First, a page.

CALIFORNIA | LOCAL
April 25, 1991 |
Los Alamitos, Stanton and Westminster have approved traffic reduction plans that will make them eligible for their share of Proposition 111 gasoline tax revenue. As a result, Los Alamitos could gain about $50,000 a year for street improvements, according to city officials. Westminster could receive about $250,000 and Stanton about $100,000. Proposition 111, which was passed by state voters in June, calls for a 9-cent gas tax increase, incremental over a five-year period.
CALIFORNIA | LOCAL
August 15, 1990 |
In their first chance to get at cash from the new 5-cent gasoline tax increase, officials of Southern California communities Tuesday proposed new highway projects costing far more than will be available under the voter-approved measure. The wish list presented to the California Transportation Commission at a hearing in Los Angeles included freeway-widening projects that officials said were unneeded as recently as five years ago but are now deemed essential to relieve congestion.
August 2, 1990 |
California's new gasoline tax went into effect Wednesday with few apparent hitches, drawing resigned grumbles from motorists as nearly 12,000 service stations across the state began collecting an extra nickel for each gallon of gas they sell. Spot reports from service stations and dealer associations throughout Southern California and the rest of the state indicated that most motorists came prepared to pay more for gas when they pulled up to the pumps throughout the day Wednesday.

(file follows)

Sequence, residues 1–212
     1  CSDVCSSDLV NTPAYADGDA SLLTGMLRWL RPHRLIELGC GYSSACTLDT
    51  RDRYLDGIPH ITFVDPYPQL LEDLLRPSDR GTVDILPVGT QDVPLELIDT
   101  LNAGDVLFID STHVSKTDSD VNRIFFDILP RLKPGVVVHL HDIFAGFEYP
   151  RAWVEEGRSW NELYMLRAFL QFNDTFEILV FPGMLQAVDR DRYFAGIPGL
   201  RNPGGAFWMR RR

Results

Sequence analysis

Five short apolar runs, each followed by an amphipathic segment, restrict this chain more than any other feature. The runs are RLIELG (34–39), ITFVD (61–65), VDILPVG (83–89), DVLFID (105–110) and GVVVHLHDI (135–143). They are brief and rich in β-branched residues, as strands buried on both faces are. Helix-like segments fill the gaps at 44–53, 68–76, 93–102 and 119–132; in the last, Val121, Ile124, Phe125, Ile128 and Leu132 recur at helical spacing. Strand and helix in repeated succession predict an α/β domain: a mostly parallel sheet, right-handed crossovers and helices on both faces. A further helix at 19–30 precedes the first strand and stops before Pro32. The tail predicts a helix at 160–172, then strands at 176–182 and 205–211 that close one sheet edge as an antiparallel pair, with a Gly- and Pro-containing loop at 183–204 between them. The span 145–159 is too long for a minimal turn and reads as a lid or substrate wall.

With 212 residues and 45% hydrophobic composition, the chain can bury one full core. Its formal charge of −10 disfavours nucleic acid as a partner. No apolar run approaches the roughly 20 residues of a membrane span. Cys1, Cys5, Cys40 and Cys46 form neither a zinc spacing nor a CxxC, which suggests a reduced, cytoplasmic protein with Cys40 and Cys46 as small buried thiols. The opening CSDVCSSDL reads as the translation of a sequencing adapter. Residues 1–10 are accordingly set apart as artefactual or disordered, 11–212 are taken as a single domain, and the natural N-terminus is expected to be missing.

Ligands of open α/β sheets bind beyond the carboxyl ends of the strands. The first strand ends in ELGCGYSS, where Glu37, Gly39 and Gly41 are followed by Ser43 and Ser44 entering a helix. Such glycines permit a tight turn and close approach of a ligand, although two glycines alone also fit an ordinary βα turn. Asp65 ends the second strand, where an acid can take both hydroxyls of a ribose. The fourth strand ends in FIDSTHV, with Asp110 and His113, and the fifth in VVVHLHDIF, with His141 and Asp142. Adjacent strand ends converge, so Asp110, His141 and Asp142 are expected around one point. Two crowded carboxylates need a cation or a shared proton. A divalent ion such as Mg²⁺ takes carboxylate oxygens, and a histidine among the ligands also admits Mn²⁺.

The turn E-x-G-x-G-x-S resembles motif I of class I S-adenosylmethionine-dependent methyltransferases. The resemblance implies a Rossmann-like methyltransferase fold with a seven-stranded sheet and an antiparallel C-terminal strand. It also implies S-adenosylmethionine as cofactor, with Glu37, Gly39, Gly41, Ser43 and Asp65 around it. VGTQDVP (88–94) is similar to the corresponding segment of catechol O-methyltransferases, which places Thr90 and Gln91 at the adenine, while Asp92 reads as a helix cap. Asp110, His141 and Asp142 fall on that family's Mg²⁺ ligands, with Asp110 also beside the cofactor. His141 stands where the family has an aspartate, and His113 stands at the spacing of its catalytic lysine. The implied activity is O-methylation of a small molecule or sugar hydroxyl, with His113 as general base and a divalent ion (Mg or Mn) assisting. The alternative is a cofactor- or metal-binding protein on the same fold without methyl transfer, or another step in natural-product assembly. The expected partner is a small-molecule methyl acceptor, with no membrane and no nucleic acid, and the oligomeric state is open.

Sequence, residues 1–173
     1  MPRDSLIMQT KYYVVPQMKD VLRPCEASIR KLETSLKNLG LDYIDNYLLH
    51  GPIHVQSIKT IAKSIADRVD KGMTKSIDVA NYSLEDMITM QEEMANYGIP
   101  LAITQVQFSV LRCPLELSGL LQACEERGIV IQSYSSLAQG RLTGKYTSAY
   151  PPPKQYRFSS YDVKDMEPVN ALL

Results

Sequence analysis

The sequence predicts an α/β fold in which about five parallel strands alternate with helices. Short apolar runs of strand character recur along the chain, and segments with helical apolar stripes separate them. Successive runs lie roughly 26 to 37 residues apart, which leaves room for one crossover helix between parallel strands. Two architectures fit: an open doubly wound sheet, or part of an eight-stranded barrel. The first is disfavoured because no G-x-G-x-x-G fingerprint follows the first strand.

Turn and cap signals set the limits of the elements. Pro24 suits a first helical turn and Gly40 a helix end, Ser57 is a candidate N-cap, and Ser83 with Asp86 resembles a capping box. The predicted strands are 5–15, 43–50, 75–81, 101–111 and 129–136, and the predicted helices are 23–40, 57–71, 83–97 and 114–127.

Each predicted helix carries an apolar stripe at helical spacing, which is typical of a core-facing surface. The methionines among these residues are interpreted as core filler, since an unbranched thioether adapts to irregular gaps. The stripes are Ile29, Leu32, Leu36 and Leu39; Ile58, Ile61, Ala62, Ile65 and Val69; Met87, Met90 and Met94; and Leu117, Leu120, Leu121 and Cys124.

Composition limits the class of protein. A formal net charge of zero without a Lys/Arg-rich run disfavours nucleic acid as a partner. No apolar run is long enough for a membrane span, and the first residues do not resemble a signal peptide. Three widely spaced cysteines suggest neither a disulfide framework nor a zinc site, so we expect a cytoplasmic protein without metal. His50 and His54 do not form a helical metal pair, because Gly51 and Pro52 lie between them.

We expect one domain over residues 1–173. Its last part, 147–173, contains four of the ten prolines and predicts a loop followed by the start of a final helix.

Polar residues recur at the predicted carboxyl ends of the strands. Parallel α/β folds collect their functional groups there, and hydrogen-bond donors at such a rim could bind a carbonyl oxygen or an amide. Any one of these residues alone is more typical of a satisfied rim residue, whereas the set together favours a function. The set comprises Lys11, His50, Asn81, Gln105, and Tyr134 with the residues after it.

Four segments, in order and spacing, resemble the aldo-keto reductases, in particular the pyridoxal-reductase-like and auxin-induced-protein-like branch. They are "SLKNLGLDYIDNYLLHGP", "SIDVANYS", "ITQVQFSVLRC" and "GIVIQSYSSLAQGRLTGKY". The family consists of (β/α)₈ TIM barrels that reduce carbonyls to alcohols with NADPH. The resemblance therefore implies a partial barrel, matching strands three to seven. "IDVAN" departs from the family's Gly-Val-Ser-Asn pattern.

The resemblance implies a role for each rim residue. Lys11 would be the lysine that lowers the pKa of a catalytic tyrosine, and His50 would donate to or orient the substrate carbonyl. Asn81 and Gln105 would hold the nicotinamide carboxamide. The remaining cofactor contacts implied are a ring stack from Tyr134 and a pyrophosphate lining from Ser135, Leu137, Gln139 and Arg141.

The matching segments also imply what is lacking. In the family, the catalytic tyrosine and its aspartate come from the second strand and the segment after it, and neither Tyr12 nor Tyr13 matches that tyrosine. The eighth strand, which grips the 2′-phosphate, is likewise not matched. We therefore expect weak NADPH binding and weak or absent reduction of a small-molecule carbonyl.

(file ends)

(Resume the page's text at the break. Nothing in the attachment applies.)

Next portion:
June 25, 1990 |
A retired legislator filed a lawsuit to invalidate gas tax-raising Proposition 111, alleging that the state's top elected officials deceived voters with misleading ballot statements. The suit by former Democratic Assemblyman Bert DeLotto of Fresno and 12 others seeks to toss out the June 5 election results and allow voters to reconsider Proposition 111 on the November ballot.
June 14, 1990 |
The Century Freeway and dozens of other road projects in Southern California became the first to benefit Wednesday from the voters' decision June 5 to endorse a gasoline tax increase. Rushing to get work delayed by funding shortages back on schedule, the California Transportation Commission approved $257 million in backlogged projects scattered throughout the state. But most of the initial funding went to the south, with the biggest chunks--totaling $118.